4 Classic Russian Short Stories Set in St Petersburg

4 Classic Russian Short Stories Set in St Petersburg
18 July 2021

St Petersburg was founded in 1703, and has been the inspiration for many authors ever since. If you are interested in becoming familiar with some of the most famous Russian authors, but don’t quite feel prepared to read War and Peace just yet, here are some easy to read short stories and poems set in St Petersburg to set you off. 

1. The Bronze Horseman (Медный всадник), Alexander Pushkin

This is a narrative poem written by Pushkin in 1833. It takes inspiration from a flood in St Petersburg in 1824. In the poem we see Pushkin’s interpretation of the founding of the city by Peter the Great, followed by the damage the storm leaves on the city and on the life of the poet’s protagonist, Evgenii. The statue of the Bronze Horseman, which features in the poem, can still be seen in St Petersburg, and if you are interested in finding out more about the links that Pushkin has to the city, you can find out in this article.

2. The Nose (Hoc), Nikolai Gogol

As is the case with many of Gogol’s stories, this short story is bizarre, shocking and comical all at once. The Nose follows the antics of a man who wakes up to find that his nose has disappeared from his face, and has become a high-ranking official. There are many references to St Petersburg in the story, and it is interesting to find out more about the city’s past through Gogol’s descriptions.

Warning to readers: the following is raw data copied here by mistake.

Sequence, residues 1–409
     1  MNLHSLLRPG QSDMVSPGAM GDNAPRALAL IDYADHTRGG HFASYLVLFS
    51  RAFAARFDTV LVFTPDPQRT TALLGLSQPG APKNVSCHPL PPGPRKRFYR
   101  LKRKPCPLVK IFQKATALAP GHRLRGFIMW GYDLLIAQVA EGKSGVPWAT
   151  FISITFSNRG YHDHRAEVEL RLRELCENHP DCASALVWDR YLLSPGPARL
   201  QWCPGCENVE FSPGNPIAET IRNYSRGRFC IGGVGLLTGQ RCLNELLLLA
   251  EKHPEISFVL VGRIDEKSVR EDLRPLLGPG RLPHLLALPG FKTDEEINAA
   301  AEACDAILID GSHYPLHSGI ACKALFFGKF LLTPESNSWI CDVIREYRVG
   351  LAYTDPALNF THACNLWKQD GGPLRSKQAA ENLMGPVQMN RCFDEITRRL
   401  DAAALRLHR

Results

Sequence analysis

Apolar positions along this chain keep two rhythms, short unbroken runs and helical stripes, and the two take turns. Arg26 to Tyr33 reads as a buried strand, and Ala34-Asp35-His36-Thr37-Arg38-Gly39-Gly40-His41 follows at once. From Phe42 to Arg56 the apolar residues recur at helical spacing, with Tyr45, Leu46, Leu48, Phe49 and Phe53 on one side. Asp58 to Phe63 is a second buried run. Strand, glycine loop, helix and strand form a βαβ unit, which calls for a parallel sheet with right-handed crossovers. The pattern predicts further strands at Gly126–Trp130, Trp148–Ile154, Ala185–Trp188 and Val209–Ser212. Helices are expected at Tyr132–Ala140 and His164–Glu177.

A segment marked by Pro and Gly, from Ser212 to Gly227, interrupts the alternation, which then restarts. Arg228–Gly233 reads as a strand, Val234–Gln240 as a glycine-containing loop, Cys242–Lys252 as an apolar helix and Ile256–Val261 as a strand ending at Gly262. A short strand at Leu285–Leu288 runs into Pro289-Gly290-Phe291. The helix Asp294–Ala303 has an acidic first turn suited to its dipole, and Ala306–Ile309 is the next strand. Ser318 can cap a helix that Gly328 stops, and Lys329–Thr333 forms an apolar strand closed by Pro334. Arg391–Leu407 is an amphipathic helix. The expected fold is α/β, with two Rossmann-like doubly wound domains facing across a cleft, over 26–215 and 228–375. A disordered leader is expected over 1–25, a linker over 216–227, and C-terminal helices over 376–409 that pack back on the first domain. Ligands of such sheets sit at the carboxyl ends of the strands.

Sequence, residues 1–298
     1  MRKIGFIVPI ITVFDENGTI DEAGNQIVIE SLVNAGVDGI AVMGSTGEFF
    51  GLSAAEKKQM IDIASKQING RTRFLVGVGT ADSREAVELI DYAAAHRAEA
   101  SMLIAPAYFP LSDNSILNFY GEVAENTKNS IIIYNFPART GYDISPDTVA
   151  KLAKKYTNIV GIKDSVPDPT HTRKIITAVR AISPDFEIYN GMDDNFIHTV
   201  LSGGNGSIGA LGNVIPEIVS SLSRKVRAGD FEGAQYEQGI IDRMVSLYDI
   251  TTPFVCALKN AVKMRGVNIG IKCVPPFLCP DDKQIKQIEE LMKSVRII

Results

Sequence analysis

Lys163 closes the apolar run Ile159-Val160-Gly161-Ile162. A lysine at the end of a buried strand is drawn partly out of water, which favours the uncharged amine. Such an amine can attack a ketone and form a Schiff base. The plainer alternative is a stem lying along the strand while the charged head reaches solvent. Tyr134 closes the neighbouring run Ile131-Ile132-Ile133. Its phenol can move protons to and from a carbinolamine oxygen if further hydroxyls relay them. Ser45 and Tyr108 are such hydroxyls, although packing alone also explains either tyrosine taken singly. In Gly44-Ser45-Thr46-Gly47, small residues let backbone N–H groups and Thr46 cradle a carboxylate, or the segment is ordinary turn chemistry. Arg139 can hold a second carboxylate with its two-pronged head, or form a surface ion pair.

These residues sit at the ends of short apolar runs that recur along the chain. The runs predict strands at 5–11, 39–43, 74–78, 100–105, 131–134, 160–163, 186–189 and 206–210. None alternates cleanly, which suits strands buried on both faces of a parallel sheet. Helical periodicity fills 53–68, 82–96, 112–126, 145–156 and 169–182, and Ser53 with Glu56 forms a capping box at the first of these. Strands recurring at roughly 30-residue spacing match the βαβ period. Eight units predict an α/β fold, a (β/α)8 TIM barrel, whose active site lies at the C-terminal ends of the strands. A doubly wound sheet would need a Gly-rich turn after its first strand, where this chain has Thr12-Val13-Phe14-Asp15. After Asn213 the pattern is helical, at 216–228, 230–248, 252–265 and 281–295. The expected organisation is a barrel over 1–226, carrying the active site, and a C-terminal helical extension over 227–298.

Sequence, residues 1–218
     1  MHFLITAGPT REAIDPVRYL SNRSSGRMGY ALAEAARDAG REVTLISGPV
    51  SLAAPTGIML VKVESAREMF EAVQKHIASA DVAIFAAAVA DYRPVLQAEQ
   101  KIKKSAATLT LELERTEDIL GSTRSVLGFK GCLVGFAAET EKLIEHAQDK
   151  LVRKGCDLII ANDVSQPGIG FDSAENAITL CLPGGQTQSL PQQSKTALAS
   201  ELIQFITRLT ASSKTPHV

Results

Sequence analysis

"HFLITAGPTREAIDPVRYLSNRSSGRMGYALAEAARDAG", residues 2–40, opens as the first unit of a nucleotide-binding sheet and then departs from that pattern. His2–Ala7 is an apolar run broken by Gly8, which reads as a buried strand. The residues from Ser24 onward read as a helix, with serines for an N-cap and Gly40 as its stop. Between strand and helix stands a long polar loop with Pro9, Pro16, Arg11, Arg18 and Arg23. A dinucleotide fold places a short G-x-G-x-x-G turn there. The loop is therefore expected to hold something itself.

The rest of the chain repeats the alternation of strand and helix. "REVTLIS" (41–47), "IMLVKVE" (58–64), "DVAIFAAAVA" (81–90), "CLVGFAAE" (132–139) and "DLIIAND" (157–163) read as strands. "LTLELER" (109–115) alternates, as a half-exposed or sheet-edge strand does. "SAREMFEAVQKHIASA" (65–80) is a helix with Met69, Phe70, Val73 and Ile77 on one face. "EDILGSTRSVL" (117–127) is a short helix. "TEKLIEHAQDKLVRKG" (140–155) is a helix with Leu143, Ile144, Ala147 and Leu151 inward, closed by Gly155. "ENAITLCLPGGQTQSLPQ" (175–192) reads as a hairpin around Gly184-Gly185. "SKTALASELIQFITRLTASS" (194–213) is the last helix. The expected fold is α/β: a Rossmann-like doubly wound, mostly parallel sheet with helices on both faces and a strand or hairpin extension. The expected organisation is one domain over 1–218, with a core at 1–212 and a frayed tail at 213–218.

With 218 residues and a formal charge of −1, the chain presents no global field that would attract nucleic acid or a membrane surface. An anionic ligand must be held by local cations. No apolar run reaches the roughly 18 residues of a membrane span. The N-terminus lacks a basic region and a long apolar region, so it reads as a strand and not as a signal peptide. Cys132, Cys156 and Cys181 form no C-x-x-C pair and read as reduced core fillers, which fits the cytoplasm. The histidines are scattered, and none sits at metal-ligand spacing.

3. The Overcoat (Шинель), Nikolai Gogol

This is one of Gogol’s most famous short stories, depicting the trials of a government official who desperately tries to buy a new overcoat to replace his old, irreparable one. It is an exciting story with a supernatural ending, and, like The Nose, it takes you on a tour of 19th century St Petersburg, exploring the high end of society and the poverty that lies below it. More information about this story can be found here.

4. The Double (Двойник), Fyodor Dostoevsky

This novella tells the story of a man who discovers his ‘double’, a man who is identical to himself, and their ensuing relationship. This encounter leads to the protagonist’s eventual decline, and in the process Dostoevsky provides the reader with lengthy descriptions of St Petersburg.


All of these short works are accessible and easy to read, and offer an insight into life in St Petersburg in the 19th century. Additionally, the original Russian texts can be found online if you are seeking to improve your Russian through reading literature. Enjoy reading!


Leila, currently studying at Liden & Denz St. Petersburg

Posted by Leila Shannon

Привет! I'm Leila, and I study Russian and Spanish at Durham University. I am currently studying with Liden & Denz in St. Petersburg. I have been studying Russian for almost 3 years, and I love learning about Russian history and culture.

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